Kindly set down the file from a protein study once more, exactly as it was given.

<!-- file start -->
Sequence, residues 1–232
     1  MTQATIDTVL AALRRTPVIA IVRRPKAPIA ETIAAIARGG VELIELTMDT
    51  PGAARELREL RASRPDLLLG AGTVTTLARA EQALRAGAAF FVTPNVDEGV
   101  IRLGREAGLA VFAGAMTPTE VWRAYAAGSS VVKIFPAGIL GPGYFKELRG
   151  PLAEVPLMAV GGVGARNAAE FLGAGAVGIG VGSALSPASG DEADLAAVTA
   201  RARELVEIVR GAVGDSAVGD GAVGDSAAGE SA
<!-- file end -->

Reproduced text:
Sequence, residues 1–232
     1  MTQATIDTVL AALRRTPVIA IVRRPKAPIA ETIAAIARGG VELIELTMDT
    51  PGAARELREL RASRPDLLLG AGTVTTLARA EQALRAGAAF FVTPNVDEGV
   101  IRLGREAGLA VFAGAMTPTE VWRAYAAGSS VVKIFPAGIL GPGYFKELRG
   151  PLAEVPLMAV GGVGARNAAE FLGAGAVGIG VGSALSPASG DEADLAAVTA
   201  RARELVEIVR GAVGDSAVGD GAVGDSAAGE SA